Next Steps for the Pro-Life Feminist Movement

Secular Pro-Life has published an article co-authored by Kelsey Hazzard of SPL, and me.


Some further thoughts on the ideas of the article (these thoughts are mine and may or may not be thoughts of the co-author):


We wrote: those who are not pregnant . . . will have to give up time, energy, and money to share the load of children . . .

What would be the economic mechanisms to ensure that sharing? The following is a comment I once posted under Sean Cahill’s “I am equal, not the same”:


Thanks, Sean Cahill, for providing a lot of clarity for me. I think some questions still remain, however:

“We are not liberated until both sexes are fully accepted as they are.”

As vehicles for the full acceptance of women as they are, in another guest post you listed the following things that Roe did NOT provide:

1. children born outside of marriage and their mothers are de-stigmatized

2. ensure women are able to earn a living wage

3. ensure proper maternity benefits

4. demand accommodations for parenting students and employees at colleges and workplaces

5. demand men act responsibly.

Can women as they are (i.e., without abortion) attain equality through these vehicles? The problem I see is this: Under capitalism as we know it, people win economic independence for themselves only when they get compensated for producing marketable goods or services. Child-carrying and child-rearing are not presently marketable goods or services, so if some of a woman’s time and energy goes into child-carrying and child-rearing, she will be hindered in winning economic independence unless child-carrying and child-rearing become marketable services. Handouts from those who ARE getting compensated for producing marketable goods or services do not have as much potential to add up to real money as do the direct compensations that go to the real (real in capitalistic terms) producers. And your points 2-4 above are, in a capitalistic framework, handouts.

So why not begin to treat child-carrying and child-rearing as marketable services? The answer revolves around demand. Under some neo-capitalistic system, they could indeed be marketable services, and under a socialistic system also, they could be services deserving of compensation. The level of the fee or the compensation would depend on the level of a given society’s demand for population, but in every society there is always a demand for at least some level of replacement of population. So your points 2-4 above would be upgraded from handouts to earned compensation.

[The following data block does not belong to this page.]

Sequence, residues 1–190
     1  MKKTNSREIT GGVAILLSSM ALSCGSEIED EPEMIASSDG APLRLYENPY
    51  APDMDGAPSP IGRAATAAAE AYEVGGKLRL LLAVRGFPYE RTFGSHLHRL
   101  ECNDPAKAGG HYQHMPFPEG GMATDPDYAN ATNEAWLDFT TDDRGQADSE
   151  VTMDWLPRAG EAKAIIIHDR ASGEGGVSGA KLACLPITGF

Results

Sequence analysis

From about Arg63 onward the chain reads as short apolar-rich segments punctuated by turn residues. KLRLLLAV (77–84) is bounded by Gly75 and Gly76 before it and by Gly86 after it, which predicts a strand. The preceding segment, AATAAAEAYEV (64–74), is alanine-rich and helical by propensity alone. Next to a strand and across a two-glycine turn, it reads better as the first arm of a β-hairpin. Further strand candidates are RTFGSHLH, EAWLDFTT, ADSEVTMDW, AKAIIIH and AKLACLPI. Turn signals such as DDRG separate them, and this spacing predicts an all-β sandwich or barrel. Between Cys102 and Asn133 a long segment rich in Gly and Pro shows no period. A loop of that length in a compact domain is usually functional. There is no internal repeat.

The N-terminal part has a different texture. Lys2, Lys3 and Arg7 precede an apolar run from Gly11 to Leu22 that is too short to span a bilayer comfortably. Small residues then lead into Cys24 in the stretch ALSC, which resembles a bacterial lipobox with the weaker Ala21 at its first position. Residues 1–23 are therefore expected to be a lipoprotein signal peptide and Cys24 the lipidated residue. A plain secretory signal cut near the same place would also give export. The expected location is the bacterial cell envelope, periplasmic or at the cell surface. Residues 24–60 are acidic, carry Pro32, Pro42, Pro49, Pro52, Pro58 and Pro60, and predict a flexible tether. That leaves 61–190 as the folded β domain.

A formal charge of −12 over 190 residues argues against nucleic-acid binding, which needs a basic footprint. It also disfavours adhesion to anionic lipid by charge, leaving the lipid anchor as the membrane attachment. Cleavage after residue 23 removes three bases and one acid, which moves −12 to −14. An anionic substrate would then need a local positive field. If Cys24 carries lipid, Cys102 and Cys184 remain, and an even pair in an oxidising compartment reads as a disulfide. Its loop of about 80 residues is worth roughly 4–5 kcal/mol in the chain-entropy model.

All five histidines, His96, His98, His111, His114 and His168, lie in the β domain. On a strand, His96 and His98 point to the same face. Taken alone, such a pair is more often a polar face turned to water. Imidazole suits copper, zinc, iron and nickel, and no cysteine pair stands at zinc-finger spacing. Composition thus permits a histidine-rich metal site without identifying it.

Even if child-carrying and child-rearing were treated in this way, however, there would not be full equality of opportunity if these activities were to continue to be seen, as at present, as relatively menial occupations. The quip about “brood-mares of the state” would be quite appropriate. Considering the importance of upbringing in relation to whether a child grows up to be an asset to society or a liability, good child-rearing should rather be seen as a prized and highly-compensated set of skills (the most important skill being a hard one to learn — true motherly love).

But even with that “fix” in our framework, skilled mothers might not be as highly valued as top scientists, artists, entertainers and athletes. And still more importantly, pregnant women and mothers would not be equal in a society — either a capitalistic society or a socialistic society — where the demand for population was low.

All the above was probably clarified a long time ago by some feminist writer or other. Where I would differ from pro-choice feminists might be this: I don’t see any of these problems as quite adding up to justification for killing babies.

Both capitalism and socialism are materialistic. I think that pregnant women and mothers will win equality only when their contribution is recognized in a sense that is not materialistic, and when they are compensated, if not by economic independence and opportunity, then by some kind of clout in society that is as good or better. In order for this to happen, society has to recognize that the contribution made by pregnant women and mothers is at least as valuable as the contribution of top scientists, artists, entertainers and athletes. Pregnant women and mothers contribute even if their children are not needed by society in a utilitarian way. Yet their contribution will not always be recognized as long as the calculus is a materialistic one. Their contribution is to give life.